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Mr. Claus Abt

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About Mr. Claus Abt

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  1. That is actually the case. If you use the result pool, exactly that happens. You can even define an epsilon (at the design variable) which will regard two variable values as "the same" within that range. If e.g. all design variables for a large structure are within 0.1 mm, you should probably not trigger the simulation .... the default is zero. Cheers Claus
  2. Depends a bit on your computer resources. If you can do many evaluations, it is fine. You can also try the Dakota surrogate models to save time and cpu-hours.
  3. HI Matthias, I would probably use a polycurve and assemble it from lines and curves depending on the individual needs of the particular region. Cheers Claus
  4. Please take a look into the documentationBrowser and watch some video tutorials on our website.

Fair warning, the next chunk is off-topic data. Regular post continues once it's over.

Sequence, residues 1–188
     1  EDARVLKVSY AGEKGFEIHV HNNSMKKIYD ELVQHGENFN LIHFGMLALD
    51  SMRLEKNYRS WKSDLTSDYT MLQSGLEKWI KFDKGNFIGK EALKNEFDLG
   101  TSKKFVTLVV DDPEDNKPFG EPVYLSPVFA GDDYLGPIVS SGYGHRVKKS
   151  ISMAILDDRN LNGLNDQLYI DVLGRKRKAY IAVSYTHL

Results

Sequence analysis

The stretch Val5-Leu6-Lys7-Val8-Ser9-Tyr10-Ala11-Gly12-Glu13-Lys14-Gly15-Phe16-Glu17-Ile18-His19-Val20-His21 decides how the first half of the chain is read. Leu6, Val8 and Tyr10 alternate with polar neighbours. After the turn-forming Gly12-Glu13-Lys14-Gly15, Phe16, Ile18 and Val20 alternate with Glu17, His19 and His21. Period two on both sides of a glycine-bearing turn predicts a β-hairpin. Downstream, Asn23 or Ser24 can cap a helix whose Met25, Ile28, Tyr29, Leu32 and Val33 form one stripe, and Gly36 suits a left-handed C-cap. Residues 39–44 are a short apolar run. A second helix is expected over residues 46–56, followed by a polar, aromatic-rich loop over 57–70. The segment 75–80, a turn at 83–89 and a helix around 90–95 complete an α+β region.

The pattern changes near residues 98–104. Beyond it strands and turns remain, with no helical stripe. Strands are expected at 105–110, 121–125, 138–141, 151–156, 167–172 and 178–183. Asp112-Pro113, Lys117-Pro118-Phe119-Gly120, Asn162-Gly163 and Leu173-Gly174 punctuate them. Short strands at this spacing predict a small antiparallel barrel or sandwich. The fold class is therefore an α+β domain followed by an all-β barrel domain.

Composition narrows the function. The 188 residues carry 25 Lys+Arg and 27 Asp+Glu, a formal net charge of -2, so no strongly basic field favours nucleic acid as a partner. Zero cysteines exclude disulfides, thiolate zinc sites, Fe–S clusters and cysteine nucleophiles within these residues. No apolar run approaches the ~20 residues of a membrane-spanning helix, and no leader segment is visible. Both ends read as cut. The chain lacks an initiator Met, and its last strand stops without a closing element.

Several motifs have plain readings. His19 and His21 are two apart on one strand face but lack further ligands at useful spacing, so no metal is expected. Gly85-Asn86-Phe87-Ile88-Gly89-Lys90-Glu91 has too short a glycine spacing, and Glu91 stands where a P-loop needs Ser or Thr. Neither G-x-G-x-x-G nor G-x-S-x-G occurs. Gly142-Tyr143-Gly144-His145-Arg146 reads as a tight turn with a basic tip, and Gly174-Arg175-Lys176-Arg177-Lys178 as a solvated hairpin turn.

5. HI Rull, First of all you need a software to calculate the resistance (or better the power that is needed to propel your vessel). That could be products by ANSYS, Star-ccm+, FINE/Marine, Shipflow or similar. Then you have to set up a parametric model, or, alternatively import a geometry and apply parametric variations in CAESES. To keep the same displacement, you can either adjust the draught of the vessel to meet the displacement, or you can apply transformation to the vessel that will adjust the displacement at the desired draught in a nested way. Once you have defined the design variables that change the hull form, have connected to the CFD code of choice and calculate the performance, you can use those in a designEngine in CAESES to run automated optimization. You will find some tutorials on each tasks mentioned in the tutorials shipped with CAESES, or in our YouTube channel. Hope that helps to start with, Claus
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